I remember as a young girl, and even a teenager, having the phone pretty much attached to my ear all the time. I remember being so excited when we got a cord long enough for me to bring the phone into my room. I remember calling people, and being so frustrated at busy signals. I don’t remember much of what I talked about for all those hours, but I liked it.
When I went to college, I went with an electronic typewriter with a 4 line display. It was state of the art. In my dorm there were computers in the common area and people were just beginning to really Email. There were no cell phones. We knocked on each other’s doors and spread word through friends when we were getting together.
It’s now been 23 years since I graduated from college. I’m coming to understand the generations before me. Perhaps some of the discontent with things changing was a foreboding sense of where it was leading.
I don’t go far without a cell phone in hand. I “google” like it is my full-time job. I’d rather text than call, and I am guilty of putting only the “perfect” images on my social media accounts. I “keep in touch” through photos of friends children. Some of these children are teenagers now. Many of them I have never even met.
I wish “Happy Birthday” on Facebook after it reminds me, and rarely send a card. I delude myself into feeling “in touch” when really we’ve lost all track of each other.
I’m watching a generation grow that thinks its acceptable to post all kinds of photos of themselves, inevitably trying to look older than they are, in a forum where nothing is truly private at all.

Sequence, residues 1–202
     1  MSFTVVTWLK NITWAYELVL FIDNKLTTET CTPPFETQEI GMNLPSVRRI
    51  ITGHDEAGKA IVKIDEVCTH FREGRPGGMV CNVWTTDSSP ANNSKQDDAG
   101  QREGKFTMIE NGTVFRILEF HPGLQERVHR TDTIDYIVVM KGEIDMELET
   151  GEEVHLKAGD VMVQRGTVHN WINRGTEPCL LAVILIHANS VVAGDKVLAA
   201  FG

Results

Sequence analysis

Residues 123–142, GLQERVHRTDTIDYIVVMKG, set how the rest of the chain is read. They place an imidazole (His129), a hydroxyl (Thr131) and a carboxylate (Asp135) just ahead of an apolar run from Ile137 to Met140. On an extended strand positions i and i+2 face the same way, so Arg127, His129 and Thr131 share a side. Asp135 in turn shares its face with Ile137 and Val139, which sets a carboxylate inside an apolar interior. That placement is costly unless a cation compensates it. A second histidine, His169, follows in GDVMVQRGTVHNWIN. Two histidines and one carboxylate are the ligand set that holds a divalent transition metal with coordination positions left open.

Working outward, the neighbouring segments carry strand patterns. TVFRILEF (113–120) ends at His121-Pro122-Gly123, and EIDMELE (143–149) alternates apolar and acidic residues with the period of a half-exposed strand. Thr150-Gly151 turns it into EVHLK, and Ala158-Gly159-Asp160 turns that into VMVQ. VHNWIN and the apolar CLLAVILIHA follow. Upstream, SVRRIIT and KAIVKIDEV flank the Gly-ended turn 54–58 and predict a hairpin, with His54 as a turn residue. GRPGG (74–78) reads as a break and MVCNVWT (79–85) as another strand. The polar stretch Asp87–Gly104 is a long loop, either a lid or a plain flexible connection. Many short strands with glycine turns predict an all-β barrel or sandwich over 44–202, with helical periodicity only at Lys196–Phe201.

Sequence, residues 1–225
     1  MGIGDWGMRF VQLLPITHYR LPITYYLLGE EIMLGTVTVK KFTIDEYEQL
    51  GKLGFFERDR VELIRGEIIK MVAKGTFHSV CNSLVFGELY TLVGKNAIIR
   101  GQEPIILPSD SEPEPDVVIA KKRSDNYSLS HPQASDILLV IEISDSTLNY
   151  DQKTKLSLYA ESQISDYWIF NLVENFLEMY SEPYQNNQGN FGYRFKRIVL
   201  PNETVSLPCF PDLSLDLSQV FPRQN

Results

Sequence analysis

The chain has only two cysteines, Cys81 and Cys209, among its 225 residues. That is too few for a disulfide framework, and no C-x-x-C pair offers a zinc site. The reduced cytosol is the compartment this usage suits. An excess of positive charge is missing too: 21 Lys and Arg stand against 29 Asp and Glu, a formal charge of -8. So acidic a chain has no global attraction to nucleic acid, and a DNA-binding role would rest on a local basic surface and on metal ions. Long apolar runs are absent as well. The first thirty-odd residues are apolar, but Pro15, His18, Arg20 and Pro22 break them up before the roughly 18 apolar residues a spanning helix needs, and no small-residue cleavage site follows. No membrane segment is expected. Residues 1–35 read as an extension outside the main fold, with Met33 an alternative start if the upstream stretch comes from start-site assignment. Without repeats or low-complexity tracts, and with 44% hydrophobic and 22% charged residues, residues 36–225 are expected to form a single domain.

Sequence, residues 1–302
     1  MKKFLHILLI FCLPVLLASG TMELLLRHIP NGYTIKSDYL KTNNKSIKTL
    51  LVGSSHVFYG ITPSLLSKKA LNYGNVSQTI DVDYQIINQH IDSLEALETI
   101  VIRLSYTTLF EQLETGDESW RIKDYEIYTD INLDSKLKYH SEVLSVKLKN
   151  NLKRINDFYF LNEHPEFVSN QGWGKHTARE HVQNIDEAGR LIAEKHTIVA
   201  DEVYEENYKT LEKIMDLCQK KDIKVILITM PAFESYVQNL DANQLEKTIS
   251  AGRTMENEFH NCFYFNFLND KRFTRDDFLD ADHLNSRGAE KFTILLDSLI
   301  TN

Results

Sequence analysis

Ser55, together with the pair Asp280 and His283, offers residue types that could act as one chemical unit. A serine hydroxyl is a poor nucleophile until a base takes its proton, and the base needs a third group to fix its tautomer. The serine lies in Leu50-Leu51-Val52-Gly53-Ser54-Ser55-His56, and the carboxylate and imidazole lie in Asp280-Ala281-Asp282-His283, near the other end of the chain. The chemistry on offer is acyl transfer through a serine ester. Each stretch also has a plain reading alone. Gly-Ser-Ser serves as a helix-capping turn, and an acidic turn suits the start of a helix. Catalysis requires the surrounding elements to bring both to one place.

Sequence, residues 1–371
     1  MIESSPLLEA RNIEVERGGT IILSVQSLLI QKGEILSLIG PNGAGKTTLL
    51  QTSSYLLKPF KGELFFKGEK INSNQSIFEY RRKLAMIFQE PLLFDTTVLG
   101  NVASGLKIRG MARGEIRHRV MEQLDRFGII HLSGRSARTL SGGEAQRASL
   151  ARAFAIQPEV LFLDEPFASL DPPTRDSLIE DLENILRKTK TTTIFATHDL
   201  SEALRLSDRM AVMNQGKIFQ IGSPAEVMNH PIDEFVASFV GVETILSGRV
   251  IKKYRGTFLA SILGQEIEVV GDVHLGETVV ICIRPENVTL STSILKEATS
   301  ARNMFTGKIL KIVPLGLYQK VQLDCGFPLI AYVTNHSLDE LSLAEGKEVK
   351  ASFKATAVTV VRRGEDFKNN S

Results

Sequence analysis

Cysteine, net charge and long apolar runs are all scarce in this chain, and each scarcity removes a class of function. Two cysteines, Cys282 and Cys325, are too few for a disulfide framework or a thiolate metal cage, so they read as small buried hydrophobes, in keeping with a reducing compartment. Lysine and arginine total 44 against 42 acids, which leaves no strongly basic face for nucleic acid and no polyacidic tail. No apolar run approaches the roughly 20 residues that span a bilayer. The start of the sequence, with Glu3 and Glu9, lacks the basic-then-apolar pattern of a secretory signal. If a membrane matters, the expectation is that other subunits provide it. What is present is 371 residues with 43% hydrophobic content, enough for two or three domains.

I’m not saying we had it all correct by any means. I was guilty as the next of trying to impress “popular” kids, or to fit in. There were mean kids. There were those who isolated. We passed notes. But, we didn’t post our comings and goings for the world to see. I was blissfully unaware of who went where, unless I was there. If we took photos it was the real deal. There were no filters.
The internet, and the social media craze that has followed is the proverbial “double-edged sword”.
Living with, and having a child with, a rare genetic disorder means I have to do most of our research here. Most doctors lack the time, the knowledge, or the desire, to entertain my instincts. I may not be a doctor, but I am an expert on Meghan. I have been able to learn through trusted medical journals and intelligent internet connections, more than I would have ever been able to learn 25 or 30 years ago.
Meghan has had medical problems since day 1, and I have had the privilege of advocating for her since then. I have “met” parents through online support groups, and have soaked up their advice like a dry sponge. Parents go out of their way to help other parents, and it is a community like no other. Without the internet I would have been traveling this journey largely alone.
There were multiple diagnoses before the PTEN Hamartoma Tumor Syndrome (Cowden’s Syndrome) diagnosis in 2011. And, truth be told, I suspect there are still a few more coming our way. During each step of the journey I have been able to connect with medical professionals and parents in ways that leave me forever grateful.
I am skilled at dealing with the insurance companies, the mail order pharmacy, and the collection agencies. I am on-line so often, printing medical explanations of benefits, or fighting for treatment courses that I know are necessary.
I have become well versed in the laws surrounding Individualized Education Plans, (IEPs) and have secured necessary accommodations for an honor student battling PTSD largely from the fallout of a rare genetic disorder.
We fund raise for the PTEN Foundation, in hopes of one day soon allowing a patient powered registry that can lead us to treatment, and maybe even a cure.